PTSD What Is It and How Can It Be Treated?

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A group of military people discussing PTSD treatment

Have you ever been in a situation of such intense trauma or stress that it’s caused adverse effects on your physical and mental well-being? Those effects may include hallucinations, flashbacks, or symptoms of anxiety or depression. You may also experience symptoms of substance use disorder (SUD) as a result of these adverse effects of trauma. If you have experienced any of these signs or symptoms, you may be suffering from post-traumatic stress disorder (PSTD).

There is not just one cause of PTSD, and there are several methods of treatment you can try. The Ohana Addiction Treatment Center believes that everyone can find freedom from active addiction. We utilize adventure-filled, trauma-informed, and evidence-based practices to help clients achieve long-term recovery. Mental disorders like PTSD can lead to the development of SUD or exacerbate symptoms that are already present. If your struggle with PTSD has led to or worsened your struggles with SUD, The Ohana can help today.

What Do We Know About PTSD?

The National Institute of Mental Health (NIMH) defines PTSD as a “disorder that develops in some people who have experienced a shocking, scary, or dangerous event.” Fear is a natural response to trauma. The body reacts in all kinds of ways, whether it be a fight-or-flight response or other gut reactions we experience to protect ourselves. Over time, we generally begin to heal from traumatic experiences, but in certain circumstances, people may become more stressed and fearful, or even experience severe panic. PTSD will typically develop from a more severe or life-threatening experience like a natural disaster, sexual assault, or car accident.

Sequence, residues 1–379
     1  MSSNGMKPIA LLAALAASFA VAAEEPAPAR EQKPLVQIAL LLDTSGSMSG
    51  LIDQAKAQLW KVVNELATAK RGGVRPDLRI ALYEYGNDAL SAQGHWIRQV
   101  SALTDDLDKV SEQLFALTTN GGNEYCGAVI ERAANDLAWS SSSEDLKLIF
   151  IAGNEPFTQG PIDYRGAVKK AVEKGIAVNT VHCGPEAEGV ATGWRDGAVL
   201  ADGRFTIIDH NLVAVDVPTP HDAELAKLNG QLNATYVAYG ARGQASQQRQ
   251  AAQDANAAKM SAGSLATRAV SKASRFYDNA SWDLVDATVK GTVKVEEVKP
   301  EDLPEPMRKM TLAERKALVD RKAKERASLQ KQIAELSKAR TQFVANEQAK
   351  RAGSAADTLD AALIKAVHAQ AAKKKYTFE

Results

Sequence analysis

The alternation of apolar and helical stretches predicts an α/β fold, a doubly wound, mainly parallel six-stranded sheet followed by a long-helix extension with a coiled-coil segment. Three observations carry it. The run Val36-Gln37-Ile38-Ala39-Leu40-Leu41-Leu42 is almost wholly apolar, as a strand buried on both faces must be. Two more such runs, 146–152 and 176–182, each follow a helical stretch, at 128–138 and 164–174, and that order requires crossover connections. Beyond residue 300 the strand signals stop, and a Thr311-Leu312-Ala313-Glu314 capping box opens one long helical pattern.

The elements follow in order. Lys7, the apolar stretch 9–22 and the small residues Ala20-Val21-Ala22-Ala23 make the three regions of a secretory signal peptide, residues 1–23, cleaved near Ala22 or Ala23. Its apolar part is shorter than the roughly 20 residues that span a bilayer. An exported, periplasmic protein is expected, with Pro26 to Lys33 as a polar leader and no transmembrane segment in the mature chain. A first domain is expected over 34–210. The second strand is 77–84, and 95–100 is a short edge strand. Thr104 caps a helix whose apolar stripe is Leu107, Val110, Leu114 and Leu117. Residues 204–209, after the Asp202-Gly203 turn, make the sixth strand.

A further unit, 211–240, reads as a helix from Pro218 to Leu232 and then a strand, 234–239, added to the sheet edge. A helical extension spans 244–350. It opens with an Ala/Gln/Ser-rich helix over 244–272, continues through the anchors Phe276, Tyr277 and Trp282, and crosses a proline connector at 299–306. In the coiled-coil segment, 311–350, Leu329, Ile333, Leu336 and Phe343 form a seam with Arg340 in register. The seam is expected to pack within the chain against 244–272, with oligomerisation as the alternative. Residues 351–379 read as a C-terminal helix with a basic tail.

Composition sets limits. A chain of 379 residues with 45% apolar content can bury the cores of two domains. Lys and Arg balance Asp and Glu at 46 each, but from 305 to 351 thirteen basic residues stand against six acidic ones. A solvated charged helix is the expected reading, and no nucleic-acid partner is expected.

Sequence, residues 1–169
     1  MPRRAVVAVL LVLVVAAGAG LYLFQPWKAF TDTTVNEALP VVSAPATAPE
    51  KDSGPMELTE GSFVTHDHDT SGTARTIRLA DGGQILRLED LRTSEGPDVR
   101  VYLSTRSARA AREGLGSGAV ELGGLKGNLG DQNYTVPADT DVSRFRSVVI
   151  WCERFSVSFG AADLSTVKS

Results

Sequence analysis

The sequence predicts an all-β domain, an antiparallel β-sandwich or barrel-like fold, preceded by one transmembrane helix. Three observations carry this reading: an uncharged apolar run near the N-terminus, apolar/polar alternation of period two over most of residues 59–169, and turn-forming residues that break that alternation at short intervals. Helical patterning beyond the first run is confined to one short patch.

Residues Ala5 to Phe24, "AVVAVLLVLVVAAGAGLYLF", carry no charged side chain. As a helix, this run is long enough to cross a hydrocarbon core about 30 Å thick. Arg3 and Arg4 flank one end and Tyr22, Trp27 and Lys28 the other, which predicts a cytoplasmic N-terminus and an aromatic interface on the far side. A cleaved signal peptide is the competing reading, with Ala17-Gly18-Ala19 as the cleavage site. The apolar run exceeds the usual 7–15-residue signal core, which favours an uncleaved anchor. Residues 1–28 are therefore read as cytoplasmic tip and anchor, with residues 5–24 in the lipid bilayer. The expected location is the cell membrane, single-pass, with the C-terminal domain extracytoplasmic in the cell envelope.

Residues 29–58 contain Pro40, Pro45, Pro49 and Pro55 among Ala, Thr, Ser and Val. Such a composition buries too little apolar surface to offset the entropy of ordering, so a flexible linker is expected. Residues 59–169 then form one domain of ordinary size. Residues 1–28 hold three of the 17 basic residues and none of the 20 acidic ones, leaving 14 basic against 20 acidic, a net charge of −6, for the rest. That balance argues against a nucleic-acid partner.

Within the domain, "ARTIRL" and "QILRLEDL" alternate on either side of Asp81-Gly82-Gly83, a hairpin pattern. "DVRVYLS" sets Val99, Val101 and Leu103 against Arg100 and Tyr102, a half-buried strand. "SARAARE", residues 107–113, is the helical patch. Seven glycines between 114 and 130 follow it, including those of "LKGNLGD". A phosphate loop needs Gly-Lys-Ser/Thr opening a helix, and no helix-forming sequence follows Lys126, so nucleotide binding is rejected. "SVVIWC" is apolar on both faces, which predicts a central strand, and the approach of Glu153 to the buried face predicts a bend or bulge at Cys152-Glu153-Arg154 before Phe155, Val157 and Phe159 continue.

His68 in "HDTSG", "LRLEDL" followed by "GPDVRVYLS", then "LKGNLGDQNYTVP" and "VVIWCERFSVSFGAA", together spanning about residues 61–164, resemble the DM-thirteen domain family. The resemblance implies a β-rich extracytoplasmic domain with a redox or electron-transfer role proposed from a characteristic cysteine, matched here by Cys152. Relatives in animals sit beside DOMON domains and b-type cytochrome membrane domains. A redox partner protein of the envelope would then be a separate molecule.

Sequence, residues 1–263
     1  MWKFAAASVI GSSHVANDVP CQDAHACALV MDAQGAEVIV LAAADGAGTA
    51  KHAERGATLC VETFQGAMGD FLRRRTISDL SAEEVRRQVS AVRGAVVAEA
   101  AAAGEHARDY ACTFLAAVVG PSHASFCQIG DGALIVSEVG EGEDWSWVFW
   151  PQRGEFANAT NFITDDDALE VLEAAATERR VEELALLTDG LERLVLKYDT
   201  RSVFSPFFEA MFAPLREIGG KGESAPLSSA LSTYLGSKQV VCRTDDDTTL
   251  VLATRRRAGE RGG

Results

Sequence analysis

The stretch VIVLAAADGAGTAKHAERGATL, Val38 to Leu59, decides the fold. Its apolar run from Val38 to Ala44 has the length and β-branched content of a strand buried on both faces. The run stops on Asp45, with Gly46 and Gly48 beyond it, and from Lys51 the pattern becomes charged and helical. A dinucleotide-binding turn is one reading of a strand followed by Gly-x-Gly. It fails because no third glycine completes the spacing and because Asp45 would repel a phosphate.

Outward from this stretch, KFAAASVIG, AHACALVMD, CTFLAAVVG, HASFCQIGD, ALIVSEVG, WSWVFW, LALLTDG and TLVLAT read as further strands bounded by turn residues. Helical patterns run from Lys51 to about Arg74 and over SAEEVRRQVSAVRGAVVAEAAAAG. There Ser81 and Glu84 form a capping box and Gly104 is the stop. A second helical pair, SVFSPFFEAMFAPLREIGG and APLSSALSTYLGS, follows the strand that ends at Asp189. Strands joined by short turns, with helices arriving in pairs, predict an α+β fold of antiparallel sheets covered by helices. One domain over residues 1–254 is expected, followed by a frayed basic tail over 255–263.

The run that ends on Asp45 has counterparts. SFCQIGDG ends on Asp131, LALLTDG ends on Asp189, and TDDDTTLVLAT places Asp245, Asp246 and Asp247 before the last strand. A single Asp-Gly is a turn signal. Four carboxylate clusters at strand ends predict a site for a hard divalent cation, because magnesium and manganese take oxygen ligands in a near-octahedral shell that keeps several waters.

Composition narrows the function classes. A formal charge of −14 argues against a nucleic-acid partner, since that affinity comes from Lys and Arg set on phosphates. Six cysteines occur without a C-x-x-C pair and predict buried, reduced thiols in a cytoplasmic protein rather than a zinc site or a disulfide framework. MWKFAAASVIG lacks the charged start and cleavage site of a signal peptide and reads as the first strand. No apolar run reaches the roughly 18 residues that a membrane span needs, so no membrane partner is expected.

After a traumatic event, it is normal to experience fear and anxiousness. Unfortunately, not much is known about why some experience PTSD and others do not. Similar to other mental disorders, certain factors might affect the development of PTSD, such as genetic makeup, environmental factors, and life experiences. Sometimes, it takes prolonged exposure to trauma to cause PTSD, such as returning home from war. After years of constant conflict and violence, war and conflict, individuals may return with adverse effects on their mental health, which can be triggered by certain events.

Understanding the Connection Between PTSD and Addiction

Substance use and addiction are frequently linked to a co-occurring disorder. This may include anxiety, depression, panic disorders, or PTSD. Substance use in itself is typically a response to trauma. Things we experience throughout our lives may become difficult to cope with, especially if we don’t have healthy coping techniques to utilize. In those cases, people turn to self-medication which very frequently leads to a road of addiction. This struggle with mental health and substance use disorders is co-occurring and referred to as a dual diagnosis. Dual diagnosis (DD) is defined as having a mental health disorder alongside a drug or alcohol addiction, and it is extremely common.